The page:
Or take another in-school factor, teacher collaboration. Even when elementary school students sit in a single classroom for most of the day, several teachers influence their achievement. Teachers can meet to compare lesson plans that worked well and those that didn’t. Teachers in lower grades can successfully align their instruction with what will be most helpful for learning in the next grade. Teachers of the arts can reinforce the writing curriculum, and vice-versa. Will average-quality teachers who work well together as a team with the common purpose of raising student achievement get better results than higher-quality teachers working in isolation? Plausibly, the answer is yes. Will promising to pay individual teachers more if their students get higher test scores than the students of another teacher reduce the incentives for teachers to collaborate? Again, a plausible answer is yes.

Of course, schools should try to recruit better-quality teachers and should remove those who are ineffective. After all, the quality of teachers is an important part of the one-third share of the achievement gap that can be traced to the quality of schools. But before making teacher quality the focus of a national campaign, school systems will have to develop better ways of identifying good and bad teachers. Using students’ test scores as the chief marker of teacher quality is terribly dangerous, for a variety of reasons: it encourages a narrowing of the curriculum because only test scores in one or two subjects (math and reading) can be used for this purpose, and teachers who will be evaluated mainly by these test scores will have incentives to minimize attention to other subjects; it creates pressure to “teach to the test,” that is, emphasizing topics likely to appear on our existing low-quality standardized tests rather than other equally important but untested topics; and it is likely to misidentify teachers — labeling many good teachers as poor and many poor teachers as good — because test scores can be influenced by so many other factors besides good teaching.{iv}

The necessary task of identifying good teachers and removing those who are inadequate requires more than student test score data. It requires a holistic approach, in which qualified experts observe teachers’ lessons, evaluate the quality of their instruction, and examine a wide range of their students’ work and how teachers respond to it. This requires a bigger investment of qualified supervisory time than most schools are prepared to make. Using student test scores as a shortcut will do great harm to American education.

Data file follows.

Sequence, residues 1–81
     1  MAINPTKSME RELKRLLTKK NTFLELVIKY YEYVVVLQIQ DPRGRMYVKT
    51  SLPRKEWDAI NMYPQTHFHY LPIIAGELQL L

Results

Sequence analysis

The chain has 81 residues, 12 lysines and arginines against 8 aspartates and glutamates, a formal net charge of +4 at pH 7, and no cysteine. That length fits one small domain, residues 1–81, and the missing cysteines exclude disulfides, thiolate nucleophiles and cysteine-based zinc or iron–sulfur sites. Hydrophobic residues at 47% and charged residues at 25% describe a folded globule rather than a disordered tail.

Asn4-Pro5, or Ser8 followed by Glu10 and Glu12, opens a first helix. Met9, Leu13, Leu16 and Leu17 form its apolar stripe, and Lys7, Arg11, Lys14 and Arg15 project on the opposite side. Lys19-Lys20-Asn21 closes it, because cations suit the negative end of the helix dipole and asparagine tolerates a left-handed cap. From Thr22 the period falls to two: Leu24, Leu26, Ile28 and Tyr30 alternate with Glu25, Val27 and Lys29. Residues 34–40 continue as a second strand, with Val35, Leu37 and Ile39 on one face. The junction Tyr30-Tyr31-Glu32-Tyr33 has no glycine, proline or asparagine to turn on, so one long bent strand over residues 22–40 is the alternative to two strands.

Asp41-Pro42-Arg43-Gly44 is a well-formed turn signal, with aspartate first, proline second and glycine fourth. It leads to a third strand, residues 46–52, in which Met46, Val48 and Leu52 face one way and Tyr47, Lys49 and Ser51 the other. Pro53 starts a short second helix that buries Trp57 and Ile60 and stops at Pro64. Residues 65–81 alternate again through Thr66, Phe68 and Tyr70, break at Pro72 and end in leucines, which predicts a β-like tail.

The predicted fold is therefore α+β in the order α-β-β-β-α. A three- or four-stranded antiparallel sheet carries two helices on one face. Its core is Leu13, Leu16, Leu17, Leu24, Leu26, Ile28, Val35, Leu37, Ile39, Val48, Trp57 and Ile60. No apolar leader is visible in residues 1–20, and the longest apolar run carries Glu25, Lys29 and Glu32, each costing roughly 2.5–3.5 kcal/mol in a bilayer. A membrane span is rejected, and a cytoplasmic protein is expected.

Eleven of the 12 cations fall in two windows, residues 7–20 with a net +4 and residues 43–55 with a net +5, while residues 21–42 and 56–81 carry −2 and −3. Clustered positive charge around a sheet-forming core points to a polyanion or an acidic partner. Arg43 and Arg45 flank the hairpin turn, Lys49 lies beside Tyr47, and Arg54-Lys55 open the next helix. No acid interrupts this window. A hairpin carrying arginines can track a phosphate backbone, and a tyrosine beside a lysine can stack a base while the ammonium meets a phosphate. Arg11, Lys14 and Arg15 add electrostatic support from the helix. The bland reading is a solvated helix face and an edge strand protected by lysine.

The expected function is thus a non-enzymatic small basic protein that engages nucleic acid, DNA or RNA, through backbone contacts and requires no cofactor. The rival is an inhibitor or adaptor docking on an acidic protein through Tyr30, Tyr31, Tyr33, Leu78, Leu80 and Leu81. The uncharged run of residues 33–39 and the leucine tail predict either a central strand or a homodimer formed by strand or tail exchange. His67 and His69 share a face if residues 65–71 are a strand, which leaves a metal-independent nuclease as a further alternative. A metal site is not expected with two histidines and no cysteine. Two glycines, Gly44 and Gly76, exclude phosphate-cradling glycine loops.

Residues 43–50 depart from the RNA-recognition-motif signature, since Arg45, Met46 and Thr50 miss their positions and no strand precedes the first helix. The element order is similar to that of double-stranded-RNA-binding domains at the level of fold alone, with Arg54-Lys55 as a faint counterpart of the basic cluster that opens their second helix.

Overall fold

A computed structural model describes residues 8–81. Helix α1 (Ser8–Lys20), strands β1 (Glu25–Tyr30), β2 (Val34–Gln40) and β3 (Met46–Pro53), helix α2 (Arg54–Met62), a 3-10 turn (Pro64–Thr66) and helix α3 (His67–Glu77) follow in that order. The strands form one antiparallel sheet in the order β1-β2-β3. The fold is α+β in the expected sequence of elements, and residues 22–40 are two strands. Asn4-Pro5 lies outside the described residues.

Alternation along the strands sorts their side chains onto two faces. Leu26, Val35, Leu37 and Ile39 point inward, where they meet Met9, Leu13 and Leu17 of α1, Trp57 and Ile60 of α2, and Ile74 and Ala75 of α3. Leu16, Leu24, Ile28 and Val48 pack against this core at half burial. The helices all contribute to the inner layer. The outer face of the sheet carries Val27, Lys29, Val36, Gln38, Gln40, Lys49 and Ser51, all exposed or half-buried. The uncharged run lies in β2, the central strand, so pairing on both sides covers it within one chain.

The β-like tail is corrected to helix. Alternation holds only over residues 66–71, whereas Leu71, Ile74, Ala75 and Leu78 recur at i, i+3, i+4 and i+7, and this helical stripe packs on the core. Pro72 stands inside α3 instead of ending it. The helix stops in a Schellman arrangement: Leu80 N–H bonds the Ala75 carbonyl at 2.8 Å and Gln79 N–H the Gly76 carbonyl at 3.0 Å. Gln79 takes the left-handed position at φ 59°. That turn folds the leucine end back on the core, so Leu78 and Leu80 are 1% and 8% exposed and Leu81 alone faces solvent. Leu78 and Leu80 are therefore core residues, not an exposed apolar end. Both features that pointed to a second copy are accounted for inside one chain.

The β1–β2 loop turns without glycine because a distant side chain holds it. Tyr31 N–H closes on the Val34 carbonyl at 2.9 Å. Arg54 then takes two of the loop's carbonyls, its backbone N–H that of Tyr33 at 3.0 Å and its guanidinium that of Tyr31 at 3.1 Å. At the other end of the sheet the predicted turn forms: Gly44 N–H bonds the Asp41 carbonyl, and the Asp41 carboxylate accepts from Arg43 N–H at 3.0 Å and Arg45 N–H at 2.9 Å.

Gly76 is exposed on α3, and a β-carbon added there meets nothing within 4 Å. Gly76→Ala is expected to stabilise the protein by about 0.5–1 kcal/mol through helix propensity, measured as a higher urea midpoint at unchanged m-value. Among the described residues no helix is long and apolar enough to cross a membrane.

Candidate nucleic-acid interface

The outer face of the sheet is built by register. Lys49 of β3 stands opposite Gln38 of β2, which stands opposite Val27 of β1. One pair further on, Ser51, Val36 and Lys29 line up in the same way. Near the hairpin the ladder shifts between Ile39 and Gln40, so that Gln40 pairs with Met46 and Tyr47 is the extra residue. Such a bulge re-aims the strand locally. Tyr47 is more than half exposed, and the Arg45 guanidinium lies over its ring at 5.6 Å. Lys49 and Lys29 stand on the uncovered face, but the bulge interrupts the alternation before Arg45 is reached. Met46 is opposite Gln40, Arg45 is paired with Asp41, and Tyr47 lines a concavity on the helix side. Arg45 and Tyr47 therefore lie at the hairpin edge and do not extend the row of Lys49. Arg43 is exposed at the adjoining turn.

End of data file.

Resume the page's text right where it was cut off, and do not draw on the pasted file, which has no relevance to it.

Making teacher quality the only centerpiece of a reform campaign distracts our attention from other equally and perhaps more important school areas needing improvement, areas such as leadership, curriculum, and practices of collaboration, mentioned above. Blaming teachers is easy. These other areas are more difficult to improve.

But most important, making teacher quality the focus distracts us from the biggest threat to student achievement in the current age: our unprecedented economic catastrophe and its effect on parents and their children’s ability to gain from higher-quality schools.

Consider the implications of this catastrophe for our aspirations to close the black–white achievement gap. The national unemployment rate remains close to an unacceptably high 10%. But 15% of all black children now have an unemployed parent compared to 8.5% of white children. If we also include children whose parents have become so discouraged that they have given up looking for work, and children whose parents are working part-time because they can’t find full-time work, we find that 37% of black children have an unemployed or underemployed parent compared to 23% of white children. Over half of all black children have a parent who has either been unemployed or underemployed during the past year.{v} Thirty-six percent of black children now live in poverty.{vi}

The consequences of this social disaster for schools are apparent, and include:

  • Greater geographic disruption: Families become more mobile because they can no longer afford to keep up with rent or mortgage payments. They are in overcrowded housing; they often have to double up with relatives in apartments that were already too small. Children have no quiet place to study or do homework. They switch schools more often, fall behind in the curriculum, and lose the connection with teachers who know them well enough to adapt instruction to their individual strengths and weaknesses. Inner-city schools themselves are thrown into turmoil because classes must frequently be reconstituted as enrollment rises and falls with family mobility. Even the highest-quality teachers cannot fully insulate their students from the effects of this disruption.{vii}
  • Greater hunger and malnutrition: When more parents lose employment, their income plummets and food insecurity grows. More children come to school hungry and/or inadequately nourished and are less able to focus on schoolwork. Attentive teachers realize that one of the best predictors of how their students will perform is what they had for breakfast, if anything at all.{viii}
  • Greater stress: Families where parents are unemployed are under greater psychological stress. Such parents, no matter how well-intentioned, often become more arbitrary in their discipline and less supportive of their children. Children from families in such stress are more likely to act out in school and are less able to progress academically. The ability to comfort and support such students may be a more important indicator of a teacher’s quality than her students’ test scores, which may still be lower than the scores of students coming from stable and secure homes.